© Tim Brakemeier/dpa/Corbis
When Saparmurat Niyazov died in 2006, Turkmenistan lost its so-called “President for Life.” During his 16-year reign over this impoverished Central Asian country, Niyazov built a formidable cult of personality around himself, indulging in all manner of nutty dictatorial behavior, including renaming days of the week and months of the year after himself and his family, outlawing gold teeth, and erecting, in the center of the capital, an enormous, gold-plated statue of himself with outstretched arms that rotated in 360 degrees, so as to always be facing the sun.
Under his leadership, Niyazov’s book, the Ruhnama — which he said he wrote as a “spiritual and moral guide” for the Turkmen people, but was actually a prolix collection of proverbs and plagiarized Sufi poems — was made mandatory reading in all schools and universities across Turkmenistan. Graduations were contingent on students’ knowledge of it; government officials were required to study it one hour each week; and teaching positions were often awarded to those who could recite by heart more of its obscure, if hilarious, kernels of confused wisdom: “The mud thrown at you is also thrown at me; and my cleanliness, my brightness is also yours.”
By the end of his reign, the President for Life had elevated his “spiritual and moral guide” to a literally holy status in Turkmenistan. The phrase “The Ruhnama is a Holy Book” was engraved, along with other verses from the Ruhnama and the Koran, on a mosque outside the capital, and Niyazov declared that the Ruhnama had to be displayed beside the Koran in every mosque across the country. When Turkmenistan’s Islamic grand mufti complained that Niyazov was behaving blasphemously, the mufti was sentenced to prison for twenty-two years. Later, the President for Life, not one to be humbled by a holy man’s threats, said he’d spoken directly with God, and that God agreed that anyone who had read the Ruhnama three times would be automatically admitted to heaven. It was, he said, a done deal.
Not surprisingly, when Niyazov kicked the bucket 2006, many Turkmens breathed a collective sigh of relief and hope for the future. Perhaps this marked the end of a rather unfortunate era? Perhaps this whole “holy” Ruhnama thing would finally be put to rest? Perhaps the hundreds of millions of dollars Niyazov spent on portraits, statues and monuments celebrating himself, his mother, and the Ruhnama would be repurposed to actually benefit the Turkmen people?
Five years later, it seems one Turkmen narcissist has replaced another.
Meet the New Boss
The new president, Gurbanguly Berdymukhamedov, who abandoned a career as a dentist to take over the presidency in December 2006, is regarded as “not a very bright guy,” according to a 2009 U.S. diplomatic cable released by Wikileaks last year. The cable goes on to describe the new leader, who prefers that his people refer to him as “Protector” or “Protective Mountain,” as “vain, fastidious, vindictive, a micro-manager” and a “practiced liar.”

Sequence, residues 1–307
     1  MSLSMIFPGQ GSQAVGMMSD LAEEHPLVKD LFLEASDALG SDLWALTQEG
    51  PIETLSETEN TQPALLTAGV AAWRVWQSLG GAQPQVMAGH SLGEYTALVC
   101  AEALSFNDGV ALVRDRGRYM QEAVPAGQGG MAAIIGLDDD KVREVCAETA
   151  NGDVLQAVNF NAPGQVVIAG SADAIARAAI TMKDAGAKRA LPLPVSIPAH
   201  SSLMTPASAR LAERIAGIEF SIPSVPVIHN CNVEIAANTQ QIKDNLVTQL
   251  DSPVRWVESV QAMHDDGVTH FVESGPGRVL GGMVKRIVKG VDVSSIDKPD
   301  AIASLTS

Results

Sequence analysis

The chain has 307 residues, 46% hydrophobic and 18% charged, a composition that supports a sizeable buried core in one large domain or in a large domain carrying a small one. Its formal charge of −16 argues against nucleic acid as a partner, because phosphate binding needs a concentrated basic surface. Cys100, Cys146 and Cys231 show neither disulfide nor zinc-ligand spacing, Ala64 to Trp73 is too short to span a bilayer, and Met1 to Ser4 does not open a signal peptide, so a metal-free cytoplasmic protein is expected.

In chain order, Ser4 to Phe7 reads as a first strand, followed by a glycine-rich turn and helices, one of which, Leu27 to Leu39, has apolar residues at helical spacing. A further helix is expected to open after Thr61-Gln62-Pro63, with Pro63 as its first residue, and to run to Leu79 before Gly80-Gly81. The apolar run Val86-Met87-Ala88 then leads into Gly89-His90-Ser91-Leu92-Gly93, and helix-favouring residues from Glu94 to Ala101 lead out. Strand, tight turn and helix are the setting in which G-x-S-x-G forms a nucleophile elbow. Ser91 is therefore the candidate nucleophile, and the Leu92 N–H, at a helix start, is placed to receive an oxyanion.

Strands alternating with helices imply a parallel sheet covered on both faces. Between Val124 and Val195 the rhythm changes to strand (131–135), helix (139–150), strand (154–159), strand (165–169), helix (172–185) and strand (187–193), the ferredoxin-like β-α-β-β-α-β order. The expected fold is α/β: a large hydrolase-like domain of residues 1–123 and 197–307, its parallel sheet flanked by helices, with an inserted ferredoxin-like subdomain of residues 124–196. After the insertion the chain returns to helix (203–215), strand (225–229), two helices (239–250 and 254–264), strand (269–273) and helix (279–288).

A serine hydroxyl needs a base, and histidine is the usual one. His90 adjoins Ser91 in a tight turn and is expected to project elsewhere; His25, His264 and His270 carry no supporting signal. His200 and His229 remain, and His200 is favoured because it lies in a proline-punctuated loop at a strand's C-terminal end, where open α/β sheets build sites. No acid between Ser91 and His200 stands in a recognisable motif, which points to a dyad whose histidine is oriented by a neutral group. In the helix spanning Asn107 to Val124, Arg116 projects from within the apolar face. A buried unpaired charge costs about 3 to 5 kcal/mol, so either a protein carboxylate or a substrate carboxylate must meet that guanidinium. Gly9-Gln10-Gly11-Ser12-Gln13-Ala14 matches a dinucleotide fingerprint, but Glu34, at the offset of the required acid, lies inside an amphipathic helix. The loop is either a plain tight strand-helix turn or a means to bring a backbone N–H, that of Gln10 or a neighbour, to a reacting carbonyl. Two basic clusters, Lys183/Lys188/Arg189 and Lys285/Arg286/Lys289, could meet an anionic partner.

In the intervening years, the Protective Mountain has done all he can to live up to that rather withering description.
After naming his reign “The Epoch of New Revival," Berdymukhamedov carefully dismantled some of the Niyazov kitsch littering the country—including that gold, rotating one in the capital—and then replaced it all with portraits and statues of—who else?—himself. He rolled back Niyazov's revisions to the names on the calendar. He also gradually reduced the presence of the Ruhnama in universities and government offices, and informed teachers that students should study it only for an hour each week. Instead, in the balance of their time, he said, they would study his books—a series of rambling treatises on subjects ranging from medicinal plants and economics to racehorses.
In his five years as president, the Protective Mountain has, however, taken a few baby steps in the general direction of real leadership. For instance, this fall, he opened a new 211-meter high broadcast tower just south of the capital, and announced that the proliferation of “advanced and innovative technologies” were a “state priority.” While that move was heralded as the “right general idea” by international media, most journalists pointed out that Berdymukhamedov actually stopped (way) short of any real change. The media in Turkmenistan is still controlled entirely by the government, opposition journalists are still regularly imprisoned, and the Turkmen internet is still so heavily censored, it makes Chinese freedom of information laws look downright liberal.
In the last few months, under extreme pressure from the West and China to modernize the economy of Turkmenistan, which is sitting on the world’s fourth largest gas reserves—a potential bonanza—Berdymukhamedov has suggested he might, one day, pipe gas to Europe. While it was hardly an active step toward economic diversification, the international community, like an oft-spurned lover, accepted his non-committal promises, pressed them to their gas-hungry hearts, and swooned.
Last month, in commemoration of all this indefatigable service to his country, Berdymukhamedov awarded himself the “Hero of Turkmenistan” medal, the country’s highest honor. No one in Turkmenistan batted an eye. After all, the President for Life awarded the “Hero of Turkmenistan” medal to himself six times over the course of 16 years. By comparison, the Protective Mountain is practically modest.